Week 6 is coming to a close. I’ve gone home this week a few more times a bit more flustered than usual, mainly because of the chaos of getting students familiar with our classroom economy online banking system. But at least I had Cheez-It’s to comfort me. Oh, and I’m not writing grades on tests anymore either.
TEST WITHOUT GRADES
I saw a video recently about a math teacher who will highlight where students made mistakes on their tests and doesn’t put the actual grade on the top of the test. She posts grades online the day after they get their test. I decided to give that a shot for a few reasons. I see a lot of kids see that grade (especially if it’s low) and they just think ‘well…I suck at this…whatever’ and put the test away. It’s defeating and all the emphasis is on the grade. I told them that I wanted them to have a growth mindset and use the feedback I give them on a test to see where they still have misconceptions and how they can learn from their mistakes. I then handed back their quizzes and gave them 5 or so minutes to discuss with their peers or with me the mistakes they made. Great aha moments happened during those times. They get a chance to reassess if they do corrections.
CHEEZ-IT SQUARE ROOTS
This summer I saved a square root lesson by Julie Reulbach into my Pre-Algebra Evernote folder. I had my own ‘aha’ moment just reading through her lesson. Students create squares out of cheez-it’s. They realize they can’t make perfect squares out of numbers like 6 or 8, but they can with numbers like 9, 16, 25, 36, etc. My little lightbulb moment was ‘ohhhh…PERFECT SQUARES!’ Students said it was a pretty tasty lesson. I created a slideshow to help guide my questions and HERE is the graphic organizer they went through.
RENT / PAYDAY / BONUS $$ / LEDGER SHEETS
This week was our first week where students got to get bonus money for various things (academics, extra-curriculars, writing book reports on leisurely reads, etc). It was also the first week where they were having direct-deposit for their jobs and automatic withdrawals for their rent. I went through what counts as bonus money, they logged it on a bonus money sheet, and went to their bankers who deposited in their banks. That was easy enough, just took a while to get through what counted as bonus money and what didn’t- I decided to take more time on it early on the year so I wouldn’t get consistent confusion throughout the year.
I then had them log in to see their banking activity over the last few days with the direct deposts and rent withdrawals. I wanted them write all that activity on their bank log ledger sheets. We had conversations about the importance of tracking your spending and making sure the bank didn’t make any errors. This is where things started falling apart.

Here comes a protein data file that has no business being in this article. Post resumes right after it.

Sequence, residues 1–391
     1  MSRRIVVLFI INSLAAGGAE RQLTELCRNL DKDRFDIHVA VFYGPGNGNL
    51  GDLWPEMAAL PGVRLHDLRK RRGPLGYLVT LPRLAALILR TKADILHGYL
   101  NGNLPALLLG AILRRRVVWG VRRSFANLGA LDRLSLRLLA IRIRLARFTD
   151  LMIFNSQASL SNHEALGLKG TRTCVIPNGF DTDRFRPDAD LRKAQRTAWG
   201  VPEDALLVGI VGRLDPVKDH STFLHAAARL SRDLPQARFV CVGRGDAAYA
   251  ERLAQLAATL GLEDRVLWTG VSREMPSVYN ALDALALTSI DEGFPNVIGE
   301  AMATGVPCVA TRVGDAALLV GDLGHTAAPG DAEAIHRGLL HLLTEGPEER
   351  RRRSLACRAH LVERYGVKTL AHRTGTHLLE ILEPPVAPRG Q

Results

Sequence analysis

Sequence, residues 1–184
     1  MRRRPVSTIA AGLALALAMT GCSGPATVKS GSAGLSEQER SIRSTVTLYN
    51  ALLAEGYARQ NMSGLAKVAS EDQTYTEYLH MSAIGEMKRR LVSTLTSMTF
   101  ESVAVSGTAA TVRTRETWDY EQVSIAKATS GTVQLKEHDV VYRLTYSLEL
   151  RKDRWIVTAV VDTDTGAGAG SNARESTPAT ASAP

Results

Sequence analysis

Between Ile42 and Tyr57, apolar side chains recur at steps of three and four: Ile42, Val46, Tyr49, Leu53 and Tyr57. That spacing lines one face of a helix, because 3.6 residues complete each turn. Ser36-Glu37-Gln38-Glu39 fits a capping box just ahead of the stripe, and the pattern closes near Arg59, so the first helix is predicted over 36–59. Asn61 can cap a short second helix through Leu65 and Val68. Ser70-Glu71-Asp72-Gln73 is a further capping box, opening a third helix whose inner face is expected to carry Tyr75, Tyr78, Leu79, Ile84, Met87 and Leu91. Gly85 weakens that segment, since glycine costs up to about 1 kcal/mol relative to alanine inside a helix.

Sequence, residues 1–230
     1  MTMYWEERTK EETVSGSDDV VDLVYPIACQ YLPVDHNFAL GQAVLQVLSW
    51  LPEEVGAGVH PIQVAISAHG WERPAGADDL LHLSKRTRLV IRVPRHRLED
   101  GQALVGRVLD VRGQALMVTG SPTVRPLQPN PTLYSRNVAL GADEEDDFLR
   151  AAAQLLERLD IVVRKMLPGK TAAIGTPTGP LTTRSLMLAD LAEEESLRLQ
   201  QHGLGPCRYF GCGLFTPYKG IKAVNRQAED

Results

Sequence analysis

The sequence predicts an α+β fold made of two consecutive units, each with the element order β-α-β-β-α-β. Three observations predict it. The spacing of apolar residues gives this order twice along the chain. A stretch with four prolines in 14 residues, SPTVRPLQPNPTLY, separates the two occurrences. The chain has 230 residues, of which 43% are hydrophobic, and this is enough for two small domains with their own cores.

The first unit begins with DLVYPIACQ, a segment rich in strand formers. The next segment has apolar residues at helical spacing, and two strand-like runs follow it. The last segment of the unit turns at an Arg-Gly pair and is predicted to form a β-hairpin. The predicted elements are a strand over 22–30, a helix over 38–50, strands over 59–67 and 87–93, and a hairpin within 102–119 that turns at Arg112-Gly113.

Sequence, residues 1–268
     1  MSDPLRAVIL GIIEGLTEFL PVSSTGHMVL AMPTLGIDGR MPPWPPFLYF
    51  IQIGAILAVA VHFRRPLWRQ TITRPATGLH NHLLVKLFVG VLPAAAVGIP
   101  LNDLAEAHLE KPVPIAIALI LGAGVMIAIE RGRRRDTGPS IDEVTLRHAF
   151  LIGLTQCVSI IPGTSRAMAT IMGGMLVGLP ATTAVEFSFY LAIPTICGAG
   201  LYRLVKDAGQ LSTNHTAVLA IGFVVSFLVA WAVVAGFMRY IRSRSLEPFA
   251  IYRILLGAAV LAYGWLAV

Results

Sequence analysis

The system I use is mykidsbank.org. It’s pretty great but it has a few nuances that can be confusing to students. For one, you can’t have all your recent transactions across months on one screen. It shows just September or just October, and to switch between monthis is this tiny little link that says 9/2015. Also, when I set up the automatic transactions, I only have control over whether it’s daily, weekly, or monthly. I can’t control which day they occur though. Since both of them are monthly, they happen on the last day of the month. Unfortunately, rent ends up getting withdrawn first (before they get their paycheck) and so it sends kids into debt and then immediately takes them out because of direct deposit. Not a huge deal but can be confusing and seems like something I should be able to control as a bank administrator. It all got sorted out and most students had matching balances on their online banks and their paper bank logs, it just took most of the class period to do it. I know it’ll go by faster next time.
So glad I left the school in good hands. Really digging how much creativity and hard work you’ve poured into this space.
[…] be telling her exactly what to do. One student did say ‘I hope I make it onto your ‘my favorite mistakes‘ slide show!’ That was kind of […]
[…] The last thing that comes to mind is the conversation I have with students whenever I hand back a test. In my early years teaching, students typically responded to tests in a variety of ways. Those who did very well would sometimes brag about their grades. Students who did poorly would also sometimes brag about their grades (as a defense mechanism I’m assuming). I began to have discussions with students on humility. If they did well, it’s great to be glad about it and know that you understand the material, but perhaps keep it to yourself until you’re with a smaller group of your friends or family. Additionally, if students did poorly, the goal wasn’t to be indifferent, nor was it to feel ashamed of themselves. They should take that feedback to see where there may be areas that need some more work; see the assignments truly as an assessment of what they do and do not know. I also don’t write grades on my assessments anymore. […]